American missions against Nadzab
March 23 - September 10, 1943
B-25s strafe targest in the Nadzab area
September 5, 1943
82 C-47s drop the
paratroopers at Nadzab following bombardment of drop zone by bombers pounding
Lae and A-20s laying a smoke screen over the landing area.
September 6-10, 1943
Australian 7 Division
transported to Nadzab by C-47s begins a push east towards Lae.
Japanese missions against Nadzab
November 6-9, 1943
November 6, 1943
Ki-43 Oscars of the
248th Sentai joined with the 13th Sentai to escort Ki-21 Sally bombers
in an attack on the airbase at Nadzab. The 59th and 78th Sentai were also
involved. The bombing was successful and the bombers got away without being
intercepted by American fighters. U.S. fighters were in the area but the
Japanese were too high and far away for them to intercept. In addition to
the bombing at Nadzab, flights of Hayabusas swept in to strafe the airstrips
at Nadzab and Gusap. Four attacked at Nadzab and three at Gusap. The bombing
and strafing at Nadzab destroyed two P-39's and damaged 23 others to some extent.
The commander of the 248th Sentai's 3rd chutai, 1 st Lt. Hideo Ota, was
killed and 2nd Lt. Yoshihari Mayekawa was injured.
November 7, 1943
Nine Type 97 bombers targeted Nadzab bombing from 6000-6500 meters (19,700
to 21,000 feet). The Type 1 fighters of the 13th Sentai provided close escort
while Muraoka led the 248th as top cover. The Japanese plan called for a rendezvous
near Alexishafen at 2000 meters (6600 feet) followed by a climb to altitude
approaching the target. This mission did not go at all well. Mechanical problems
with some of the 248th Sentai aircraft delayed the scheduled rendezvous. While
flying over the sea on the approach, the Japanese were spotted by four P-40Ns
from the 8 th Fighter Squadron, which were flying a fighter sweep. Veteran
flight leader Capt. Clyde Bennett led these four P-40s down from six o'clock
high and caught a reported twenty Japanese fighters by complete surprise. The
Americans claimed three victories in a single pass. Three P-40s zoomed away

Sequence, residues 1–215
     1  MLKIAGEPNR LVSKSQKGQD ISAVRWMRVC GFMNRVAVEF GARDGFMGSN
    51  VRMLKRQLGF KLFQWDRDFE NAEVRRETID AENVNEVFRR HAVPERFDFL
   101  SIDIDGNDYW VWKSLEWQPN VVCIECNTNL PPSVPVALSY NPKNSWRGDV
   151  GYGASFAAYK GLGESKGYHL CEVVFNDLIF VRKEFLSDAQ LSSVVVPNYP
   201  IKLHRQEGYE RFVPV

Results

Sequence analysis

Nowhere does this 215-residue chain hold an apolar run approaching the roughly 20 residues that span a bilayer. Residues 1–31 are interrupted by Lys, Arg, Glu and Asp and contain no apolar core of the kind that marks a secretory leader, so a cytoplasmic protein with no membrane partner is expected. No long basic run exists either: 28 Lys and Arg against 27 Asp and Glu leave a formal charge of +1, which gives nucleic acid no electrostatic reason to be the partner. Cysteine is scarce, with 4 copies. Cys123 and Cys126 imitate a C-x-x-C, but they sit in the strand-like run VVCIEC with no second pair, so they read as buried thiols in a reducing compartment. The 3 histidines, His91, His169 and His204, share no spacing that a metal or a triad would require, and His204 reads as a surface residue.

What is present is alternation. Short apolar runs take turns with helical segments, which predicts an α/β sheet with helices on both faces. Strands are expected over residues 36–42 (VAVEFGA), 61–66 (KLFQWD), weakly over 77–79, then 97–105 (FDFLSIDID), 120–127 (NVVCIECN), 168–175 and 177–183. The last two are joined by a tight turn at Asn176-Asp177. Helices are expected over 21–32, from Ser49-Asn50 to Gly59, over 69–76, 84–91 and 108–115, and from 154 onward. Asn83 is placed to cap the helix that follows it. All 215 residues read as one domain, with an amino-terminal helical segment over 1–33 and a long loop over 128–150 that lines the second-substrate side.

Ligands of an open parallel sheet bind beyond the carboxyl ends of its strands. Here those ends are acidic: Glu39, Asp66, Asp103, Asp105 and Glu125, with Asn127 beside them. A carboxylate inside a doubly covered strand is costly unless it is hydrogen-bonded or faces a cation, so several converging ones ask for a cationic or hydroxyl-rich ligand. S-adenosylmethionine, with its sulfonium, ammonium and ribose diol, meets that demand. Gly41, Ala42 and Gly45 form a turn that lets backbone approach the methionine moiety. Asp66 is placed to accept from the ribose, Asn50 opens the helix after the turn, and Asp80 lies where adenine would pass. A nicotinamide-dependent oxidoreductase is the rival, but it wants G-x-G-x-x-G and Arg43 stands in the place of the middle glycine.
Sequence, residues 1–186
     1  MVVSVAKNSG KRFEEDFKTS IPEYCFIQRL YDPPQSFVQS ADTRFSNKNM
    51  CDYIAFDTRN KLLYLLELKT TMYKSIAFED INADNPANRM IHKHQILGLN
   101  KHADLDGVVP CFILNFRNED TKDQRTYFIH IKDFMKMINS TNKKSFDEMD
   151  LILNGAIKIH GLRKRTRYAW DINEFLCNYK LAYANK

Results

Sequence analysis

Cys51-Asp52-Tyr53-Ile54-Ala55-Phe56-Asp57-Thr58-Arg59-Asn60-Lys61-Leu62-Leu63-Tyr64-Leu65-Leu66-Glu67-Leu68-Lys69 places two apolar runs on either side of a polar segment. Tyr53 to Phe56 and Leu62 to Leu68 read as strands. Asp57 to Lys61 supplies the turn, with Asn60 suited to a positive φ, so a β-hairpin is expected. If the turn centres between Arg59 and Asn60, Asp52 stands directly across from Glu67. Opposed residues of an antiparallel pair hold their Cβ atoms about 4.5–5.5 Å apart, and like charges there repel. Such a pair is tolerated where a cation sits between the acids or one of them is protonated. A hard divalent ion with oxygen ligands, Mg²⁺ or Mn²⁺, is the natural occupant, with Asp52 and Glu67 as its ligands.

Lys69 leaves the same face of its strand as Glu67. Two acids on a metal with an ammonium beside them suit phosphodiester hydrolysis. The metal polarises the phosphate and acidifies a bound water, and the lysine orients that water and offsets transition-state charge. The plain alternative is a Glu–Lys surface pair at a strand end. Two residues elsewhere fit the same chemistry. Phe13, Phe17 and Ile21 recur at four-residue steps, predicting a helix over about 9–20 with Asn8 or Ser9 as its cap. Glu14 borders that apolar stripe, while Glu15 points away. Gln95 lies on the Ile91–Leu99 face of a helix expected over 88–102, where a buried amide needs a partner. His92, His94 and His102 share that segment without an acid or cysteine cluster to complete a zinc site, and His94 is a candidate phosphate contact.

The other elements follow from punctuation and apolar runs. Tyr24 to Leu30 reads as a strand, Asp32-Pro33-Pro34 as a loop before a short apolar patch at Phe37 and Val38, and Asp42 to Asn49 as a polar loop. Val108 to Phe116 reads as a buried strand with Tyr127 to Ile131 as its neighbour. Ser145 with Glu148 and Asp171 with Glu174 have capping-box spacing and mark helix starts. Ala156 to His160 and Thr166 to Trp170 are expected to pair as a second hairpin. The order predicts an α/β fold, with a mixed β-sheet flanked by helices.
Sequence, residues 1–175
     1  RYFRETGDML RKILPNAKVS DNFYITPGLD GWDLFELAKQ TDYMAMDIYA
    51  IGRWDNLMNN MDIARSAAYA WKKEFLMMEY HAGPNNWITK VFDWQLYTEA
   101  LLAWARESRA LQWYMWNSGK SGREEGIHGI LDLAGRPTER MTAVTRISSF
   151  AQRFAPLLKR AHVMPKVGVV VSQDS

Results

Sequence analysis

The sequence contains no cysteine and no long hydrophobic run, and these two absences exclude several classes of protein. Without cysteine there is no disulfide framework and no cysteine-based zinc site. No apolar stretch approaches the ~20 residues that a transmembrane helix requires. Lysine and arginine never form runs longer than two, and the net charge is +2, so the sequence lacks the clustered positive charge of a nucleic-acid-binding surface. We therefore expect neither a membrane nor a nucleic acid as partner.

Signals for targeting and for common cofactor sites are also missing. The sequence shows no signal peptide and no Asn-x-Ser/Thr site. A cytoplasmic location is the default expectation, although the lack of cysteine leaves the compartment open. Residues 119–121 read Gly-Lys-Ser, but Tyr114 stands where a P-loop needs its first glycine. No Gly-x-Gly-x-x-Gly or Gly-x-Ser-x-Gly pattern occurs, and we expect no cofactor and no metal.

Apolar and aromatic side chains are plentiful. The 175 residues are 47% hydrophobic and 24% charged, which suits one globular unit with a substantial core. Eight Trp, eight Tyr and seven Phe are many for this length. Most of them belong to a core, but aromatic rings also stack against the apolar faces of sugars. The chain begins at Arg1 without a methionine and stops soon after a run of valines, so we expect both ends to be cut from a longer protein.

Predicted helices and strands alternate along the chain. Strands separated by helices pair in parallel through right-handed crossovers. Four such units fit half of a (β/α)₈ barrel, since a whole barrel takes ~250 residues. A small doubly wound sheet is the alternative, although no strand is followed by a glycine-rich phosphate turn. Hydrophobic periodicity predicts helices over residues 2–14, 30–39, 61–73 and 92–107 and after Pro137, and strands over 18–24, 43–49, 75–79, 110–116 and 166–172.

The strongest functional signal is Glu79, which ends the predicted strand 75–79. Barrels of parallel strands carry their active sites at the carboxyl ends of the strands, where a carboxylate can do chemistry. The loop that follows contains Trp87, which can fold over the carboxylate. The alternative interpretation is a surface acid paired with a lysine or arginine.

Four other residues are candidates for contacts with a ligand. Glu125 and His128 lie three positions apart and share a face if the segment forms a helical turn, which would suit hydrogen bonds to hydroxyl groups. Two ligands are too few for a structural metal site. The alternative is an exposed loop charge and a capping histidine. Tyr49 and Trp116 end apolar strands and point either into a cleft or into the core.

and returned to base without a scratch. One pilot sparred briefly with the
Hayabusas and returned with fragments from an explosive bullet in his fuel
tank. Two Japanese fighters appear to have been lost in this encounter, both
were from the 248th Sentai.
The Japanese tried to organize their formation as they gained altitude and
crossed the Finnisterre Range to carry out the bombing attack. The Americans
were well prepared and after the bombing attack three separate formations converged
on the Japanese. Eight P-39Qs (40th FS) and eight P-47Ds (36th and 342nd
FS) hit the attackers, which were reported to consist of nine bombers and just
ten or so fighters. The three American flights contacted the Japanese in rapid
succession nearly simultaneously. While the Hayabusas were able to distract
some of the fighters, many pressed their attacks on the bombers. Two bombers
went down under these attacks. Ki-21 6323 exploded
in spectacular fashion. Its tail with a stylized yellow marking resembling
a “4” and part of a wing landed on a hillside while most of the
bomber ended up on another hillside on the opposite side of a valley. Three
of the Hayabusas, which were lost, probably also fell near Nadzab and were
swallowed up by the jungle without a trace. These were aircraft of the 13th
Sentai and 59th Sentai.
The Japanese claimed a P-40 and five “F4Fs” shot down. Two P-39s
were shot down and one P-40 and three P-47s damaged. The bombing damaged aircraft
and installations on the ground but nothing like the sixty aircraft destroyed
that the Japanese claimed. Five Japanese fighters were lost. The 248 th lost
two pilots killed and two wounded. The bombers suffered heavily. In addition
to two shot down outright, three landed at Madang with heavy damage and four
ditched off the coast. The bombers that landed at Madang were bombed and destroyed
by American bombers two days later. Shortly thereafter the 14th Sentai was withdrawn from New Guinea.
Also escorting were Ki-61 Tonys from the 68th
On the ground at Nadzab Airfield, 16 American aircraft were
destroyed or damaged during the raid, and 14 Japanese
planes were claimed shot down. Destroyed on the ground was P-39 "Nanette" Number 74.
Edward Park writes in Nanette, page 180, 182:
"On the next day 18 Japanese Betty Bombers [Ki-21 Sally] came high over Nadzab and dropped their load of antipersonnel "daisy cutters" with devastating accuracy... and walked toward a thick black column of smoke fed by savage flames in one of our revetments. Nanette's revetment. She [P-39 "Nanette" Number 74] had received a direct hit. It took her half an hour to burn... Two other planes had been damaged; the alert shack was shredded by shrapnel; six pilots discovered that they had been nicked; and one crew chief had become a soggy red bundle of clothes at the bottom of a bomb scorched slit trench. It was the crew chief for [P-39 Airacobra] number 75 - the same man who had helped me get out of it when I had been shot up in that big raid on Moresby, all those months ago."
November 9, 1943
On the ninth the 248th Sentai could mount only eighteen fighters while providing
support for other fighter units attacking Nadzab. Penetrating to
the vicinity of Lae the 248 th lost three pilots one of whom, Sgt. Major Hiroshi
Yoshida, bailed out and became a prisoner of war. Yoshida reported he was shot
down by two P-40s that shot off part of his right wing. He was probably the
victim of 2 nd Lt. Carl Weaver of the 35 th FS. Twenty-seven P-40s and P-39s
of the 35 th, 36th and 40th Fighter Squadrons claimed six OSCARS with only
one P-40 crash-landed and two P-39s damaged.
Sentai "Hard Luck" Fighter Unit by Richard Dunn